Winning the Harvard-Yale game in 1948 was ahighlight of the class's experience at Harvard.The Game, which was one of the major social eventsof the year, invariably sold out, slowing trafficto a standstill for blocks around the Stadium.

One graduate, remembering the excitement of TheGame in the late 1940s, says he was "shocked andamazed" to see that there were empty seats in theStadium at the 1998 game.

For a class of such disparate ages, athleticswas one of the few things that brought them alltogether.

Intramural sports were also extremelycompetitive with high rates of participation andfan turnout.

Kirkland House ended the 1948-49 school yearwith the best intramural sports record and wasawarded the Straus cup.

All for One and One for All

In a class with so many divisive factors,members say that there was no real sense of classspirit. Yet there were not really any tensionseither. "The group mixed well," Read says.

"We perhaps didn't have some of the unity thatbegan in the class of '50," Richard recalls. "Theywere more homogenous, they didn't have quite thesame diversity in their origins."

Yet, if that unity did not exist for the Class,its members were able to experience Harvard spiritthrough their Houses. There, members of the Classformed their closest friendships-some of whichhave lasted until the present day.

This is in part due to the fact that those whoentered Harvard in '45 or '46 never lived in Yardas all other first-year students did. Instead,because of the Navy officers still on campus, theymoved directly into their Houses. The four yearsspent together, instead of only three, helpedfoster House spirit.

Additionally, as the enrollment numbers beganto drop post-war, the already overcrowded dormsbegan to open a little and allow the students whohad been commuting to live on campus with theirclassmates.

Radcliffe Postwar

The shadow of WWII also touched the women ofRadcliffe. If nothing else, some graduatesremember with a smile, the gender ratio on campuswas very much in favor of the "'Cliffe dwellers,"as they were often called.

The hordes of returning veterans meant thatthere were "six men for every woman."

"You could have dates for breakfast, lunch,tea, drinks, dinner and a dance with someonedifferent each time," recalls Anne T. Wallach '49.

Young women who had grown up in the restrictive1930s were freed from their mothers' watchful eyesand were able to enjoy an active social life inCambridge.

Yet Radcliffe was not free from rules either.

"We had to be in at the right time at night,"Wallach remembers. "[We] couldn't wear pantsunless it was very cold, couldn't smoke in thestreet."

Radcliffe women often took their higher levelclasses at Harvard where they were given "the bestseats in large lectures."

Officials announced in February 1946 that the"joint instruction" begun during the war when malestudents were scarce would be a permanent part ofa Harvard education.

Access to the newly built Lamont library,however, was not available to women when thelibrary opened in January 1949. According toofficials, the staff needed to chaperone a mixedgroup of students in reading rooms wasprohibitively expensive.

Student publications also made it clear thatHarvard men and Radcliffe women were separate andonly dubiously equal.

In the fall of '49, the Crimson ran a pictureon the front page of four "Cliffies" with anextended caption about the physical measurementsof Radcliffe women.

But women's liberation was still decades away,and members of the Radcliffe Class of '49overwhelmingly say they enjoyed theirundergraduate years.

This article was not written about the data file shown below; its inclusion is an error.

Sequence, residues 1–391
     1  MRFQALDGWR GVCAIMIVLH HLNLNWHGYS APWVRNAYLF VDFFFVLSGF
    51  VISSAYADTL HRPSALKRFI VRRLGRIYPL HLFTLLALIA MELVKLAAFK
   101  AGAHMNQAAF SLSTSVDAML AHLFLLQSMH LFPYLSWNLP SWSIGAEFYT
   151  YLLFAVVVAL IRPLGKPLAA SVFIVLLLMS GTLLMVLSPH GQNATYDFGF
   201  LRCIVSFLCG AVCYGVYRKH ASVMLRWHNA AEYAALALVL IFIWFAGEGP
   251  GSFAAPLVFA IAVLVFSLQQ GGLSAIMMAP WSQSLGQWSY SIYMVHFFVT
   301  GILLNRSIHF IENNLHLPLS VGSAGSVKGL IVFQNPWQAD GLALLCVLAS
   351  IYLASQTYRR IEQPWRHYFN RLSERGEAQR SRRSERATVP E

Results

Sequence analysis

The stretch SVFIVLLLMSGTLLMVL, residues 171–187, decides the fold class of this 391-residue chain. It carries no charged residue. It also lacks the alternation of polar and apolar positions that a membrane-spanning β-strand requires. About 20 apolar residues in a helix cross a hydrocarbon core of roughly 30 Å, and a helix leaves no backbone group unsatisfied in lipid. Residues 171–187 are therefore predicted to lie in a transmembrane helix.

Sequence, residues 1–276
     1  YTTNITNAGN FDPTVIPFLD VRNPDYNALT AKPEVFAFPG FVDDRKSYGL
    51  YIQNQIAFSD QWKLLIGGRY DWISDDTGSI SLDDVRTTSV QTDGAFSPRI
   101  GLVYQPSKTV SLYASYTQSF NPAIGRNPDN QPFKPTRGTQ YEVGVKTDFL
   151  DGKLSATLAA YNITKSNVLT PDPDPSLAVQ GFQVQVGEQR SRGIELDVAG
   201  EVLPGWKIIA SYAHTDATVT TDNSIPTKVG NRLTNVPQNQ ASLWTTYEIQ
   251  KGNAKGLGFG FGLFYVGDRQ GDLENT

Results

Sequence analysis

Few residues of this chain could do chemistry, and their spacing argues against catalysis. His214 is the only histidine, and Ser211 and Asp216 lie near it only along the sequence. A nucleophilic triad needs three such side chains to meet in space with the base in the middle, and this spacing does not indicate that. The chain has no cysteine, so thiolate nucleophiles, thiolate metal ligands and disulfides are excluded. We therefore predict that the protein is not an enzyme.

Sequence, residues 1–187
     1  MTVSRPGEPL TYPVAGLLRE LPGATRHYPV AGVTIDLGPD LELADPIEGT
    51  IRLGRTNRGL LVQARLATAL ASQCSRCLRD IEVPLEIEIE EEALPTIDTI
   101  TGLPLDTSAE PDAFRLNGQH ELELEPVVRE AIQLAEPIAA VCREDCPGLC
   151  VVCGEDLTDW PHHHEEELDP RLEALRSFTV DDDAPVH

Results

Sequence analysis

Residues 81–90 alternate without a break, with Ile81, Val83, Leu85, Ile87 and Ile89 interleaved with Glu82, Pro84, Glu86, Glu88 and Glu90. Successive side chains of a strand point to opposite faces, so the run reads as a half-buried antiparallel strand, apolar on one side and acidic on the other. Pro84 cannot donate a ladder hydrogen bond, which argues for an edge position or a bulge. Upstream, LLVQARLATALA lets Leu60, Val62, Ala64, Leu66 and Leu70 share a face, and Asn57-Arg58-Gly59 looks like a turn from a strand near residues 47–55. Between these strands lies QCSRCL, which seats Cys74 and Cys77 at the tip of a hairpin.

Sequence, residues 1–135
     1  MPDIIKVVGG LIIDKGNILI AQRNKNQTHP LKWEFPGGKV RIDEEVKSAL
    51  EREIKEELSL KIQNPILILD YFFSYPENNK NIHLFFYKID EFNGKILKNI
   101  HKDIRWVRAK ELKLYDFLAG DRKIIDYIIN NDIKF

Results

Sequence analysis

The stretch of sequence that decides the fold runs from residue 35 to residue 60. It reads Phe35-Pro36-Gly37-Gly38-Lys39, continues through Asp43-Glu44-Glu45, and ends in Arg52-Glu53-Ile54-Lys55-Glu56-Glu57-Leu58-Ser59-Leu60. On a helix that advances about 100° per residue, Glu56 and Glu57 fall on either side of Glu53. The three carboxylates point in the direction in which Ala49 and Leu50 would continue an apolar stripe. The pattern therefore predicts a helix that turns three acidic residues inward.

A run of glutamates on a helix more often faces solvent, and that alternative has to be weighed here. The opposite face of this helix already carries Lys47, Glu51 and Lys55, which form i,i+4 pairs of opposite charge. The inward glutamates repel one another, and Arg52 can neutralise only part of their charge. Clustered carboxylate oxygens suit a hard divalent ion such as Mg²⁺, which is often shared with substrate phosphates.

"The thing to understand is that being atRadcliffe was so much better than being home withyour mother that we wouldn't have dreamed ofcomplaining about inequality with men," Wallachsays.

One alumnus remembers that his wife was made tofeel at home at Harvard where she could sit in onclasses, and even organized her own poetryreading.

In general though, the gender inequalities thatwomen faced here were minimal compared to those inthe rest of the country, and Radcliffe women weregiven access to resources most were not.

"I think most of us loved Radcliffe because itgave us a glimpse of how the world could be forwomen," Wallach says.

With the return of students to Harvard, theycould once again enjoy the social pleasures thathad been denied them during the war. By the timethe '49ers were getting ready to graduate, dances,masquerades and other social events began making acomeback.

In 1945, the Hasty Pudding Theatricals put on"The Proof of the Pudding," their first show afterAmerica entered the war, and other studentactivities were resurrected as the class made itsway through the college.

As time went by, memories of Hitler's Germany,the atomic bomb and wartime rationing faded frommemory. The '49ers studied, played House footballand attended dances. With the Class of 1949,Harvard put WWII firmly in the past.Harvard YearbookPEACE IN OUR TIME:An English Ainstructor takes his class outside to enjoy thebalmy weather in the final weeks of the 1949spring semester.

The Importance of Being Earnest

Whatever they did, in the words of one alum,was with a sense of "earnestness."

Recovering from a big war meant that everyonewas "a little more serious and little moreconcerned" than the younger classes at Harvard.

Their intensity made them a studious group ofmen so dedicated to their academics that theyadvertised in The Crimson for their lost classnotes.

Class members say they don't remember much of a"party atmosphere" on campus, and administratorsworried that veterans were not having enough fun.

Not only were many students veterans of thebattlefields, some were already married withfamilies. There were so many "family men" in theClass of '49 that Harvard had to lease the HotelBrunswick in Boston for them to live in, inaddition to temporary housing established oncampus.